So let’s take a closer look at what has been happening to LFPR by age group, but particularly younger males. Beyond labor supply issues, the declining LFPR has much broader social implications, such as ability to form households and the ability to afford a house.

LFPR for younger adults: a major U.S. concern

As mentioned above, after the aging of the Baby Boom, the sharp decline in the LFPR of younger adults is a major cause of the decline in the overall LFPR.

The decline in the male LFPR is primarily a U.S. problem, since the decline in the LFPR for men aged 20-24 has not been nearly as dramatic in Canada as in the U.S.

For the 16-19 age cohort, both male and female participation rates have plunged by 15%. The reasons include staying in school, drug usage and for men, playing video games. There is a glimmer of hope for this age group—the rate appeared to stabilize after 2010, but at a low rate of 35%. Also note that the participation rate is now identical for men and women.

For the 20-24 age, the decline in the LFPR has been particularly dramatic for men. It has been declining since 1990, but the rate of decline accelerated after 2000. Although the LFPR for young women fell about 5% since 2000, the LFPR for younger men dropped from 83% to about 73% in the same period. The bad news is that it is still declining. Young men are spending much more time playing video games or on a computer, rather than working. These two events outweigh staying in school. The decline in LFPR is particularly large for men without a college degree. In 1994 about 10% of non-college educated males aged 21-30 were not in the labor force. By 2015, 20% were out of the labor force!

What is disturbing in the study is the much higher level of disabilities and need for pain medicines for those that are out of the labor force versus either employed or unemployed adults.

The study also looked at the relationship between pain levels, drugs and employment status. Either because of disabilities or the need to qualify for disability insurance and Medicaid, men that are not in the labor force have much higher levels of pain and take pain medication as a treatment.

Which brings us to the really critical question: Will the sharp decline in the LFPR as young adults affect the LFPR as for this group as it ages? It appears the answer is yes.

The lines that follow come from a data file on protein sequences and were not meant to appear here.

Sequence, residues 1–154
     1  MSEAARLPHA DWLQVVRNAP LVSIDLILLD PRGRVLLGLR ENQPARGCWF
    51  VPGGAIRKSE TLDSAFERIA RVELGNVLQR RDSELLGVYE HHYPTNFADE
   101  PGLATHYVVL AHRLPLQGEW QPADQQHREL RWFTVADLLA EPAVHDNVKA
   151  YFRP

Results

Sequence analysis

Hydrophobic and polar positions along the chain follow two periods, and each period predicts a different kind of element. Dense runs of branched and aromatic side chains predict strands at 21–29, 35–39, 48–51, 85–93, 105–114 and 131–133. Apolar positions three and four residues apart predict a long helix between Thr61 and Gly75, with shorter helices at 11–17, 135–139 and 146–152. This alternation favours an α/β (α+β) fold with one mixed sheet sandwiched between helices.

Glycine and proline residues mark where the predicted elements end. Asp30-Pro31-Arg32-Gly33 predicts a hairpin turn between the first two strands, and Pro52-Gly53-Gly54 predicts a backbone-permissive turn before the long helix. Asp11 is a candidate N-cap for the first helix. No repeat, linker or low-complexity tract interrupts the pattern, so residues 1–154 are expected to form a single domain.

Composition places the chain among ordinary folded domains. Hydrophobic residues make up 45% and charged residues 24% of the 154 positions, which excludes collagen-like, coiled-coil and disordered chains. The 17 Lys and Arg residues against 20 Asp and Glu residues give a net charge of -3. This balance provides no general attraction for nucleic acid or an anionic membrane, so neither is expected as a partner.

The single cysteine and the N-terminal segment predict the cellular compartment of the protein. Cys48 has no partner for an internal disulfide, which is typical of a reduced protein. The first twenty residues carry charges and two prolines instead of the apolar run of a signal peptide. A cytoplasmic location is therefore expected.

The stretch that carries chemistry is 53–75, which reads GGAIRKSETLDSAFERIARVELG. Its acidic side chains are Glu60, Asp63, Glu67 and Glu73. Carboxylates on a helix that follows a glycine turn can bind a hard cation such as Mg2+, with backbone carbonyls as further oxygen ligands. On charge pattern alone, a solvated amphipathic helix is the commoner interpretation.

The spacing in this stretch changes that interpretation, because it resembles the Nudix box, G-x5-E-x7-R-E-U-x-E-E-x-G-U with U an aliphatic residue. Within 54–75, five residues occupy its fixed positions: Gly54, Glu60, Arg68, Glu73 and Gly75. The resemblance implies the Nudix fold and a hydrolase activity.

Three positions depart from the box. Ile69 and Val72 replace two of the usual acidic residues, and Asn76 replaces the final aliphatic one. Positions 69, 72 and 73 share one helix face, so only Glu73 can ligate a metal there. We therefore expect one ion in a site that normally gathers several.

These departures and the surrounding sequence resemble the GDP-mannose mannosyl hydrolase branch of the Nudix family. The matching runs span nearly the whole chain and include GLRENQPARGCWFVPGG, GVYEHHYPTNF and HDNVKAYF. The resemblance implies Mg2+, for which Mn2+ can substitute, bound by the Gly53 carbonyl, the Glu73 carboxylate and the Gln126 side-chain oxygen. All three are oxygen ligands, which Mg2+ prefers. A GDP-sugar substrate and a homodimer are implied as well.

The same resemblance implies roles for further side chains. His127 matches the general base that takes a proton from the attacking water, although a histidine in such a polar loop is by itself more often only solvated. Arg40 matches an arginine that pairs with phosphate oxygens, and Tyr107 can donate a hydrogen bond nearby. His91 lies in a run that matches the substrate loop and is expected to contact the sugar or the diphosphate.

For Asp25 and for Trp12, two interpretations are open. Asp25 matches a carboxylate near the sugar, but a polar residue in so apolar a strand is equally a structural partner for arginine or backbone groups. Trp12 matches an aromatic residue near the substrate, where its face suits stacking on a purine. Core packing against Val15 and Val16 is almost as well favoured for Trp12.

Decline in LFPR U.S. problem

One way to address the question for men is shown in Graph 2. Demographers use this type of graph to see patterns for an age group as they age and to compare one age cohort with another. What they are looking for is a pattern that begins at a young age and persists as that group ages.

For instance, the LFPR rises as that group ages, but a lower starting rate does affect the eventual peak level. For instance, men born in the 1952-61 had a LFPR near 60% when they were 16-19. By the time this group had reached 30, the LFPR hit 95%. But for young men born in 1982-86, their LFPR had dropped to less than 50% at age 16-19, and was less than 90% by age 30.

Bottom Line: Based on this pattern, the even larger drop in the participation rate for men less than age 24 (a similar, but not as dramatic message applies to women as well), would suggest that the LFPR rate for this group will remain lower than earlier age groups as they move into the crucial period over age 30.

Findings of the Brookings Institute also suggest that young men and women that are not currently in the labor force due to disabilities or pain are unlikely to return. The implication for housing demand and single-family starts will be addressed more completely in the Part II Spotlight.

Aging baby boomers and the decline in the LFPR

Labor Force Participation chart

As the table at above shows, the current LFPR rate for adults over age 40 are summarized. The LFPR peaks at age 40 and then drops sharply as people age and approach retirement. The front end of the Baby Boom group is now moving into the 65+ category. With 61 million adults moving past age 56 and shifting towards retirement, that is why the group is pulling the overall LFPR down. However, unlike younger adults, the LFPR for this group is increasing. We will return to this group again in Part III of this Spotlight series. Look for parts II and III of this Spotlight series in the April and May issues of LBM Journal.